Asks a desperate mum, “I really need help. Your eBook is great, but I can’t figure out why my baby has such severe eczema. Your eClinic didn’t give me any new info and the skin-prick-test came back all negative – but she is scratching her face away please help me!” In my Clinic, I find that the interpretation of negative skin-prick tests causes the most confusion.
Negative skin-prick tests explained
People think that this is an ‘allergy test” with a yes/no answer to food allergy. Unfortunately, It is not. So, negative skin-prick tests explained: I carry out skin-prick-testing on nearly all of my patients. But these skin-prick-tests can only detect immediate allergy, which is caused by an IgE reaction. It cannot detect any other sort of adverse food reactivity/intolerance/sensitivity.
Most adverse food reactions have a non-IgE cause. These people have negative skin-prick tests. A trial elimination and challenge of suspected foods is the only sure way to know if that food is causing trouble.
Negative skin-prick tests do not rule out food intolerances
The purpose of doing skin-prick-tests is to detect any IMMEDIATE allergic reactions (to foods and to inhalant/environmental allergens).If you have a positive skin-prick-test to a food, this means you have developed specific-IgE-antibodies against that specific food. If you eat that food, then it is likely that you will experience an adverse reaction within a few minutes – that is ‘immediately’.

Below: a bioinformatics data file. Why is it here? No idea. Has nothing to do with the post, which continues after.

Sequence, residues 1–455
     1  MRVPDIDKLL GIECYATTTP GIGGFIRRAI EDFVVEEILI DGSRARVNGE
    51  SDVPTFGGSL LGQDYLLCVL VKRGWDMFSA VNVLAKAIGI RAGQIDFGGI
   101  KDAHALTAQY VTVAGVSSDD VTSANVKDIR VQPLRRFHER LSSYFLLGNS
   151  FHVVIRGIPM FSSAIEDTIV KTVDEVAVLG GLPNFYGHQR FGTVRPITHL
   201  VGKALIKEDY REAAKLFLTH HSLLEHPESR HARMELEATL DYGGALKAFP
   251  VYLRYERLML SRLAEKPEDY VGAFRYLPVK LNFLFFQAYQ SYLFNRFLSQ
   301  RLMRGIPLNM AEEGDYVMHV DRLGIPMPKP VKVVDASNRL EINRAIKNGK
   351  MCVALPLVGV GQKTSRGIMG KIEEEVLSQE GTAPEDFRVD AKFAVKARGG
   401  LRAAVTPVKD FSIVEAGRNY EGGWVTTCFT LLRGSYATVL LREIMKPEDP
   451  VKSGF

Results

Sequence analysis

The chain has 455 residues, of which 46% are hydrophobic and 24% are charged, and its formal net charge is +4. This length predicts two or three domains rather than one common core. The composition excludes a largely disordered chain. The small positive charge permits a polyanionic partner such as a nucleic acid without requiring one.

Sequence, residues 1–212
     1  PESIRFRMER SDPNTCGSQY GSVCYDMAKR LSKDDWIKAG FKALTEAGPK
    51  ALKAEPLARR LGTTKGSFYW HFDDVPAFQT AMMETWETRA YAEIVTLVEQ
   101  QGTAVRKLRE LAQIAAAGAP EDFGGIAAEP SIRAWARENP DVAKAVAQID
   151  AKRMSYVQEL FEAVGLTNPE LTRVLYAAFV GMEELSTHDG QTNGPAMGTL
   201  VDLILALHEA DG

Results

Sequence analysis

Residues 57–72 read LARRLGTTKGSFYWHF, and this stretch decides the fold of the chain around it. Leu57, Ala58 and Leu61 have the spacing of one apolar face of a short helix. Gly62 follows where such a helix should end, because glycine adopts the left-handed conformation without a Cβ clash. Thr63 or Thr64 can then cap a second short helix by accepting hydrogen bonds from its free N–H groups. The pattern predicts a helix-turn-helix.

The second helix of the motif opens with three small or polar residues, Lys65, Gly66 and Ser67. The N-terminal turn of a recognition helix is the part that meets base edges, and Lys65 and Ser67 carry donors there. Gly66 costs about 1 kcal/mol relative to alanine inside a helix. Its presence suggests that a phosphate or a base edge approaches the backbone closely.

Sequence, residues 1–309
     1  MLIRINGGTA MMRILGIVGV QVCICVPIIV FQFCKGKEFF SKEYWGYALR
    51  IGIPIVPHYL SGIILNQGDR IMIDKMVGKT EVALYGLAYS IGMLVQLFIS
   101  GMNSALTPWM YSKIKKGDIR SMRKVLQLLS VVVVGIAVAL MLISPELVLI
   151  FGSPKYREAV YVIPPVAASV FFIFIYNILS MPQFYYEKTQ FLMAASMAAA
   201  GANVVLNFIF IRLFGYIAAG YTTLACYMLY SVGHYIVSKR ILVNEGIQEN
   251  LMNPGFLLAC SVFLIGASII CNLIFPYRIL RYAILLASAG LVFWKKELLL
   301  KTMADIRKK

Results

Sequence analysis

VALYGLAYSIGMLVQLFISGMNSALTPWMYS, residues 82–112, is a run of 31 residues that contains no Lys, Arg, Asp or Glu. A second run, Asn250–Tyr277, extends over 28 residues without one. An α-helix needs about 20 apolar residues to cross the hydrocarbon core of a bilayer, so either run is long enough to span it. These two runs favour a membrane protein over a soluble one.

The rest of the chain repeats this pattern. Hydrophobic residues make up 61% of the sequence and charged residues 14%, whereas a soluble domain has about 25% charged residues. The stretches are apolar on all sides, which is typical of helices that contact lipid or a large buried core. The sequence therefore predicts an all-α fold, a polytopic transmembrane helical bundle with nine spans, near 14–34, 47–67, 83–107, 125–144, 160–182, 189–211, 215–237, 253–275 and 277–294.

What does a negative skin-prick-test mean?
A negative skin-prick-test simply means that you have NOT developed any IgE-antibodies against that specific food. A negative test does not mean this food is safe for you to eat. That food could still be causing you an adverse reaction.
Negative skin-prick-tests will occur in these circumstances – if you
1: have not developed any IgE-antibodies to that allergen.
2: are too young (before three months of age) to react in your skin.
3: have a non-IgE food intolerance.
4: have previously had a positive skin-prick-test but have developed tolerance.
5: are on an anti-histamine which will cause a false negative test.
6: have no food reactivity.
Usually skin-prick-tests to foods are negative in people with gut problems (diarrhoea, constipation, reflux, irritable bowel (IBS), bloating, tummy pain); in older children and adults with eczema/dermatitis; in celiac disease and gluten sensitivity; in cow’s milk intolerance.
In summary, a negative skin-prick-test does not rule out the possibility of an adverse food reaction.
Food Puzzles Explained Newsletter explores the many facets of food-related-disorders.
If you would like to read more about solving eczema puzzles, then you might like to look at this ebook: “Eczema: Cure It!” by Dr Rodney Ford.